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Konark Travel Guide:

Konark is a small town in Puri district in the state of Odisha, India, on the Bay of Bengal, sixty-five kilometers from Bhubaneswar. It is the site of the 13th-century Sun Temple (also known as the Black Pagoda), built in black granite by King Narasimhadeva-I (AD 1236-1264) of the Eastern Ganga Dynasty. The temple is a World Heritage Site. It takes the form of the chariot of Surya (Arka), the sun god, and is heavily decorated with stone carving. The entire complex was designed in the form of a huge chariot drawn by seven spirited horses on twelve pairs of exquisitely decorated wheels. The entrance is guarded by two lions, which are each shown crushing a war elephant. Each elephant in turn lies on top of a human body. The temple symbolises the majestic stride of the Sun god. At the entrance of the temple is a Nata Mandir. This is where the temple dancers used to perform dances in homage to the Sun god. All around the temple, there are various floral and geometric patterns. There are also human, divine and semi-divine figures in sensuous poses. The poses contains couples in various amorous poses, and are derived from the Kama Sutra. The temple is now partly in ruins, and a collection of its sculptures is housed in the Sun Temple Museum, which is run by the Archaeological Survey of India. The poet Rabindranath Tagore wrote of Konark: "Here the language of stone surpasses the language of man." Konark literally means “Essence of the Corners”.
Konark is also home to an annual dance festival, held every December, devoted to classical Indian dance forms, including the traditional classical dance of Odisha, odissi.
On 16 February 1980, Konark lay directly on the path of a total solar eclipse.
Konark beach is a popular tourist destination, though the waters are deceptively calm. Its main attraction lies in its views of the temple.

Architectural glory of the Sun Temple
He Sun Temple, built in the thirteenth century, was conceived as a gigantic chariot of the Sun God, Surya, with twelve pairs of exquisitely ornamented wheels pulled by seven horses. Majestic in conception, this temple is indeed one of the most sublime monuments of India, famous as much for its imposing dimensions and faultless proportions as for the harmonious integration of architectural grandeur with plastic allegiance. It is admittedly the best in Odisha. Its fine traceries and scrollwork, as well as the beautiful and natural cut of animal and human figures, give it a superiority over other temples.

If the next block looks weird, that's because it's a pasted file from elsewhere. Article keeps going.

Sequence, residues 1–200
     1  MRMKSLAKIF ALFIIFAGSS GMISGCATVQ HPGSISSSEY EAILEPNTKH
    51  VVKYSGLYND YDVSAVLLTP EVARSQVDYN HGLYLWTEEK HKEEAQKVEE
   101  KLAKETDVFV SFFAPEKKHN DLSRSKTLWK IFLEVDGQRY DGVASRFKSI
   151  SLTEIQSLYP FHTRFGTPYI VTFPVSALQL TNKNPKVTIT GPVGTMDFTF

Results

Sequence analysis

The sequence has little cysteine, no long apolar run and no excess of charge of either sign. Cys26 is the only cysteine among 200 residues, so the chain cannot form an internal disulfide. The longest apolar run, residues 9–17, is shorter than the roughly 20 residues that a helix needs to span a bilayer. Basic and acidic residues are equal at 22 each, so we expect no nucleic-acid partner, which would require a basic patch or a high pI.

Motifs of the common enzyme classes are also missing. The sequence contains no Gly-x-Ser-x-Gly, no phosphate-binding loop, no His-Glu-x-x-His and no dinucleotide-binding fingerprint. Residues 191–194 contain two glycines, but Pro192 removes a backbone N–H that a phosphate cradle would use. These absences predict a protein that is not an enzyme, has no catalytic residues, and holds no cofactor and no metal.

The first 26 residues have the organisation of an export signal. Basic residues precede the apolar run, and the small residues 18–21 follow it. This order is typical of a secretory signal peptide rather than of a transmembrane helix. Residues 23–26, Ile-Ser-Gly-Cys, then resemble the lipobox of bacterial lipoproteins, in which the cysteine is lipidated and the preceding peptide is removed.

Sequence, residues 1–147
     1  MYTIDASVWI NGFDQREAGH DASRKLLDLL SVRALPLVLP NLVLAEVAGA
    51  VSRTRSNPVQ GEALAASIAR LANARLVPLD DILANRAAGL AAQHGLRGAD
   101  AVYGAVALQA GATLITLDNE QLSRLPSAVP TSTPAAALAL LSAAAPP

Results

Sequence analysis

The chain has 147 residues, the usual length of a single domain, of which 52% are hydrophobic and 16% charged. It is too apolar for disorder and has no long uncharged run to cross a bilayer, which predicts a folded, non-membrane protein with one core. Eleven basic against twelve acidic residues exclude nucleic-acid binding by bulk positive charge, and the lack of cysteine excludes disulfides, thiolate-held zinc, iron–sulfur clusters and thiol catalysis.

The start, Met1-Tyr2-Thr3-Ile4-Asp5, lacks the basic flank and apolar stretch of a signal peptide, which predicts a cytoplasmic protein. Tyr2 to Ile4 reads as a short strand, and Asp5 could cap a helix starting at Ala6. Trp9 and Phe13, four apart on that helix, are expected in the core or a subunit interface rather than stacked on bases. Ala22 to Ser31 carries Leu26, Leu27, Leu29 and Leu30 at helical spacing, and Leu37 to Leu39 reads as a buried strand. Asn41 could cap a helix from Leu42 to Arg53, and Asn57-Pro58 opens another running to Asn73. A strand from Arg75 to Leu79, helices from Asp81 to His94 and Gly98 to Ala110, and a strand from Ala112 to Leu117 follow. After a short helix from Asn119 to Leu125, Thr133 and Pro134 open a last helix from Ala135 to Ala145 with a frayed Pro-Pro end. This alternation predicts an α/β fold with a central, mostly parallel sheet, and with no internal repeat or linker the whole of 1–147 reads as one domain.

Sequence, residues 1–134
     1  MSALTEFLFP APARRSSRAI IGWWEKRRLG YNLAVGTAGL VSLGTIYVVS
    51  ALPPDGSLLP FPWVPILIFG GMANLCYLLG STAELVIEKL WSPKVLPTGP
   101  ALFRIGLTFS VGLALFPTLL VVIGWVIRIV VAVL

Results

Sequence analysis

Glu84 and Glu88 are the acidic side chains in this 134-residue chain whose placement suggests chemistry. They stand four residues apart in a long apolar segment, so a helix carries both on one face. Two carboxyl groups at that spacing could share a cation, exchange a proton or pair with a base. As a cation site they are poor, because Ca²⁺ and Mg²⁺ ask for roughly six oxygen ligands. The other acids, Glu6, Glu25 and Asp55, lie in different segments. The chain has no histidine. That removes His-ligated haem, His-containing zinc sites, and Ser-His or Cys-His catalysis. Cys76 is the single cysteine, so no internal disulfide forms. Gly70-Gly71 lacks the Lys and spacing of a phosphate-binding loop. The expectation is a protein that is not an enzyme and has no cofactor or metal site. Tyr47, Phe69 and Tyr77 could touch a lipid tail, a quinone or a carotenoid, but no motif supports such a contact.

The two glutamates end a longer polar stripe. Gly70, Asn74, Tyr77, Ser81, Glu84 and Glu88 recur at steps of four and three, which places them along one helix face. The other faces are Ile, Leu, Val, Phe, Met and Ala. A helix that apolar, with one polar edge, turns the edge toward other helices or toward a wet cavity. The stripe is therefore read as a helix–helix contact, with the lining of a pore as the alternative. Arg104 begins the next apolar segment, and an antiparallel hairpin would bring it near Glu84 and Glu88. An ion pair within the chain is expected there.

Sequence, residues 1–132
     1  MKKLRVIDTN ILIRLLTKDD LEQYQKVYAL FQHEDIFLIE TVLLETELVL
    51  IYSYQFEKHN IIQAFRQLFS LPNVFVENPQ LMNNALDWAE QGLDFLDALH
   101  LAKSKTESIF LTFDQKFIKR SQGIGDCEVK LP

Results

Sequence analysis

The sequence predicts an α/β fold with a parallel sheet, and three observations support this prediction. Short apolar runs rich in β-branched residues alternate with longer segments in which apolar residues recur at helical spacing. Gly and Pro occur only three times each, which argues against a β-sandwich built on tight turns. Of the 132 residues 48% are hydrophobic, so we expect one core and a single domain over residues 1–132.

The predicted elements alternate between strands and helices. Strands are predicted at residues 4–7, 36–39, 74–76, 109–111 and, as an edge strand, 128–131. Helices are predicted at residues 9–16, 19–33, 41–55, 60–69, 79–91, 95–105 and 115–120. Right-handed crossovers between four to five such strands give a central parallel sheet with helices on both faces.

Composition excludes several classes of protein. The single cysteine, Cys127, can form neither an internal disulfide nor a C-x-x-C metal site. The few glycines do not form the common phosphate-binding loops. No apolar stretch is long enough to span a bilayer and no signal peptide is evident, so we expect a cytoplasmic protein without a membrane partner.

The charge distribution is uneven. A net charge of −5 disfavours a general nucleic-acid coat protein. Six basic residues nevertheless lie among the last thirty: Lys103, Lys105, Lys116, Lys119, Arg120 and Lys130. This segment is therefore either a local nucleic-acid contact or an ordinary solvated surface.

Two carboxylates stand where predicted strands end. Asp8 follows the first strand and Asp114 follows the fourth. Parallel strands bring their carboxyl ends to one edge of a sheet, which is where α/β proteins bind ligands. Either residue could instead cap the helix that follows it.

The Sun temple belongs to the Kalinga School of Indian Temples with characteristic curvilinear towers mounted by cupolas. In shape, the temple did not make any major departure from other sikhara temples of Odisha. The main sanctum (229 ft. high) which was constructed along with the audience hall (128 ft. high) having elaborate external projections. The main sanctum which enshrined the presiding deity has fallen off. The Audience Hall survives in its entirely, but only small portions of the Dancing Hall (nata Mandir) and the Dining Hall (Bhoga-Mandap) have survived the vagaries of time. The Temple compound measures 857 ft (261 m) by 540 ft (160 m) The alignment of the Sun Temple is along the east-west direction. The Temple is located in natural surroundings, abounding with casuarina plantations and other types of trees, which grow on sandy soil. The environment is by and large unspoiled. Gentle undulating topography around the Sun Temple lends some variation to the landscape. Konark is also home to an annual dance festival, held every December, devoted to classical Indian dance forms, including the traditional classical dance of Odisha, Odissi.

Besides Konark there is also another sun temple in Odisha called Biranchi Narayan Sun Temple (Biranchi Narayan Temple) in Buguda, Ganjam District.

The stones at Konark are not joined by any limestone or cement. Instead, they are joined in a unique manner by making the two stone plates so plane like glass plate that just one drop of gum can join the two stones.

As of 2001 India census,[1] Konark had a population of 15,015. Males constitute 52% of the population and females 48%. Konark has an average literacy rate of 57%, lower than the national average of 59.5%: male literacy is 64%, and female literacy is 49%. In Konark, 14% of the population is under 6 years of age.

* Chandrabhaga 3.5 km From Konark Temple
* Ramachandi 8 km From Konark Temple
* Bhagabati Temple, Konark 2 km From Konark Temple
* Kuruma 6 km From Konark Temple
* Puri 35 km From Konark Temple
* Beleswar
* Chilika 70 km From Konark Temple
* Bhubaneswar
* Gopalpur Beach
* Kenduli Sasan

Legends describe a lodestone on the top of the Sun temple. Due to its magnetic effects, vessels passing through the Konark sea were drawn to it, resulting in heavy damage. Other legends state that magnetic effects of the lodestone disturbed ships' compasses so that they did not function correctly. To save their shipping, the Portuguese voyagers took away the lodestone, which was acting as the central stone and keeping all the stones, and the iron columns used to hold them walls together, of the temple wall in balance. Due to its displacement, the temple walls lost their balance and eventually fell down. But there is no record of this occurrence in any historical records, nor is there any record of the existence of such a powerful lodestone at Konark.

According to Legend the image of the deity or the statue of the Sun God was built of a material with iron content with 1 large magnet on top of the temple, 1 in the basement and 4 large magnets in the interiors to make the statue hang / float /suspend in air. The question remains though is how the magnets retained their effect over time as all magnetic materials loose their magnetic strength over time